Queen’s University Belfast has closed its doors to an Australian euthanasia advocate who had planned to give a lecture on methods of committing suicide.
Dr Philip Nitschke, often referred to as ‘Doctor Death’, wanted to show an audience at the university how to put together a suicide kit.
But university authorities stepped in to prevent the session from going ahead, explaining: “The reported views of Dr Nitschke were not deemed appropriate for this event.”
During his sessions, Dr Nitschke displays various methods of committing suicide including an “exit bag”, morphine and “DIY Peaceful Pills”.
Local figures have said that the planned lecture would have been particularly inappropriate in light of recent teenage suicides in the Province.
Former First Minister Dr Ian Paisley said: “There have been several recent tragedies of young people committing suicide, and to put into the public information about how to do it is very, very dangerous for them.”
This is the latest of Dr Nitschke’s workshops to be banned by local authorities. Bournemouth council recently intervened after the euthanasia advocate tried to run a session in the area.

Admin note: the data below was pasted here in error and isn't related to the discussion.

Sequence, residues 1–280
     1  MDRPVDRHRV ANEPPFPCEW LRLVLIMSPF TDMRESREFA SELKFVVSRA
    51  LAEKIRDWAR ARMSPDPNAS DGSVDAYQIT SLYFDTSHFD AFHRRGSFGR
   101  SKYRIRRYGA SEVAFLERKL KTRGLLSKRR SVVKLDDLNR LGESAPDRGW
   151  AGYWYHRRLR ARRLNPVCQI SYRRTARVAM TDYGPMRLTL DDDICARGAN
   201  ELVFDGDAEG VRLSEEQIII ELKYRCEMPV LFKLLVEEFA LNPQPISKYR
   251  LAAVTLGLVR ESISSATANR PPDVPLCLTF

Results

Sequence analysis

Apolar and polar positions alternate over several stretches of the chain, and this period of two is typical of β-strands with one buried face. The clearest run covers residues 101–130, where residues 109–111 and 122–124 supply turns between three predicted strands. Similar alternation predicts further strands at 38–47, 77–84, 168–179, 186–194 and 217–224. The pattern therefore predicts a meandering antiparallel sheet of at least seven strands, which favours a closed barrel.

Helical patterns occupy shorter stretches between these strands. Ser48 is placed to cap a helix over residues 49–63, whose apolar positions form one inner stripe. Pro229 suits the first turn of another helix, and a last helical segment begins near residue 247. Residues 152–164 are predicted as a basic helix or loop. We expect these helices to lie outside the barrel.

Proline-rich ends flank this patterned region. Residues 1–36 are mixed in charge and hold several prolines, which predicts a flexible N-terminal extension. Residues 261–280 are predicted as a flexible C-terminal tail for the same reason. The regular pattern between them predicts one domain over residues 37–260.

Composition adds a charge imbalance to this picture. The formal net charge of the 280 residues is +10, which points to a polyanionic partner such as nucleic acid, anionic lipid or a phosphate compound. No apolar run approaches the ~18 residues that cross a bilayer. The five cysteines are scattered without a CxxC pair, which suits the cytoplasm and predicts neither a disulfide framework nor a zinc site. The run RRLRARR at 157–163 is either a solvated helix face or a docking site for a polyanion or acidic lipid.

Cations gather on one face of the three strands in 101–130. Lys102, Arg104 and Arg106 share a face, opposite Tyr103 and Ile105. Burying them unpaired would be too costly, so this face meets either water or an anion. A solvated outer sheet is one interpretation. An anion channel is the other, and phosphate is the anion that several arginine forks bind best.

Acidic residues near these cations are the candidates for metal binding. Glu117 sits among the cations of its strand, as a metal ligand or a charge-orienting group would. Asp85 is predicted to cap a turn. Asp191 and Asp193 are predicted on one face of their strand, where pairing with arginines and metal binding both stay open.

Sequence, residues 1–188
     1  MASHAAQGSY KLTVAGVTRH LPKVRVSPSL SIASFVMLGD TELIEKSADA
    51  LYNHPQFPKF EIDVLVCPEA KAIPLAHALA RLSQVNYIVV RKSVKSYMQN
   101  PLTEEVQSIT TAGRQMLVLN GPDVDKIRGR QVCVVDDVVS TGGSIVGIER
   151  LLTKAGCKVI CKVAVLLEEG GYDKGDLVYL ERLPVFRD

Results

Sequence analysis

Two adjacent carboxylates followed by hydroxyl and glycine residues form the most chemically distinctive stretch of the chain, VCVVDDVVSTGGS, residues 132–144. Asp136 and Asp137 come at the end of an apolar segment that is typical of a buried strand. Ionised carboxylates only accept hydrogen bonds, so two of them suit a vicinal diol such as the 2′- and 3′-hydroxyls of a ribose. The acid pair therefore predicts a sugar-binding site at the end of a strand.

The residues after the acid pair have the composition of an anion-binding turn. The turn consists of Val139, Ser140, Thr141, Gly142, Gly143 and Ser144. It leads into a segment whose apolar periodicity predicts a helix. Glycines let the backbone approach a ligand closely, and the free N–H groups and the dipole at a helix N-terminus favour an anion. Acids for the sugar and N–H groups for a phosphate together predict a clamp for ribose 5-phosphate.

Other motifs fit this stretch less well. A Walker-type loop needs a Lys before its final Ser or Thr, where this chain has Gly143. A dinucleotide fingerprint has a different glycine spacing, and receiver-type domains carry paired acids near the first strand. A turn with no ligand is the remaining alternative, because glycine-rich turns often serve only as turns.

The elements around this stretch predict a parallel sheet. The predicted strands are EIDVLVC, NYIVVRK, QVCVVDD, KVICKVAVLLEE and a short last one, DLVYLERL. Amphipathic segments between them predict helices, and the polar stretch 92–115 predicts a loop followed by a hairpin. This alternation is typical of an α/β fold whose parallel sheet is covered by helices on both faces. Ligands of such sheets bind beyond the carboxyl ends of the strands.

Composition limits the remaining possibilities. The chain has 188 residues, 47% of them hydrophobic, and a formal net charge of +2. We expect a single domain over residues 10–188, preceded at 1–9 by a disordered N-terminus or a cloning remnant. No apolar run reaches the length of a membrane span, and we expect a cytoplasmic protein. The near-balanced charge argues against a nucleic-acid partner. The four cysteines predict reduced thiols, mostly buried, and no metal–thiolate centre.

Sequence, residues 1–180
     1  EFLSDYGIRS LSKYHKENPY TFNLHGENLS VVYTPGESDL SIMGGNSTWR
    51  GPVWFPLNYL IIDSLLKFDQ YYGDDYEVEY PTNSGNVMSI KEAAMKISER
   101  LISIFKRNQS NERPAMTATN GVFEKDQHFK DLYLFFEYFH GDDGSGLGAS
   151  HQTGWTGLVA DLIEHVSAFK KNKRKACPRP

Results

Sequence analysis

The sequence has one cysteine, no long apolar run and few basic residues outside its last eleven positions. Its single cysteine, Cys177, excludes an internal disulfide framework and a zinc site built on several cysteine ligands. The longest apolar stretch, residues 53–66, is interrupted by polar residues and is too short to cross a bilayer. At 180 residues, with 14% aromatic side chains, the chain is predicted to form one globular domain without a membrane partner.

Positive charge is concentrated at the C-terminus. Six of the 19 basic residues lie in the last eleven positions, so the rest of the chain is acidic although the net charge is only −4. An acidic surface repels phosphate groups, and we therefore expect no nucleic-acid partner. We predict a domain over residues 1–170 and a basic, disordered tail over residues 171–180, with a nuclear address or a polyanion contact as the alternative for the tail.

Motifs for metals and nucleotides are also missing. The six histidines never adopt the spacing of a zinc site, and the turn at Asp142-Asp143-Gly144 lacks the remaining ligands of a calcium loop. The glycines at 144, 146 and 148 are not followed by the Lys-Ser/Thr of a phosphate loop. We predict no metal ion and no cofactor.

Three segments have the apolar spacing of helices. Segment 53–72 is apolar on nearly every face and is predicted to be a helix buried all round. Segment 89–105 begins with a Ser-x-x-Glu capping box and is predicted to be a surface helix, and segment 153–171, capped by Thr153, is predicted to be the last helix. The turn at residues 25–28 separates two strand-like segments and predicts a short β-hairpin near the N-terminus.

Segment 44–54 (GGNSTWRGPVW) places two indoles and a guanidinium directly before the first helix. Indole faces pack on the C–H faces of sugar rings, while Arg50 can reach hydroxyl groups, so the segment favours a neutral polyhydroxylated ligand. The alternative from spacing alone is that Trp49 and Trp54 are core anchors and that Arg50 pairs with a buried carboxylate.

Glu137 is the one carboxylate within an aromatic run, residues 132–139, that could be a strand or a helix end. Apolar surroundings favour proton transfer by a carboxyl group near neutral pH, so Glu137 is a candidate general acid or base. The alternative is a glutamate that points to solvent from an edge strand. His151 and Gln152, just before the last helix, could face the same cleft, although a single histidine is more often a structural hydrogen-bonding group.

Bournemouth was apparently chosen as a location for a seminar on how to commit suicide because of its large number of elderly residents.
There have been recent calls for the UK’s law on euthanasia to be watered down.
However, Dr Tony Calland of the British Medical Association’s Ethics Committee said: “Any kind of change in the law would risk vulnerable people being covertly coerced into taking their own lives or prematurely ending them for the benefit of relatives financially or because of the commitment to look after them.”
Speaking last weekend, palliative care expert Dr David Jeffrey expressed similar concerns: “Some of those who have been prominent in campaigns to change the law have been articulate and able to express themselves confidently,” he said.
“My concern is with people who are frightened, possibly depressed and bit confused.
“These are people who don’t know where to turn and who feel they are a burden. The law has to protect them.”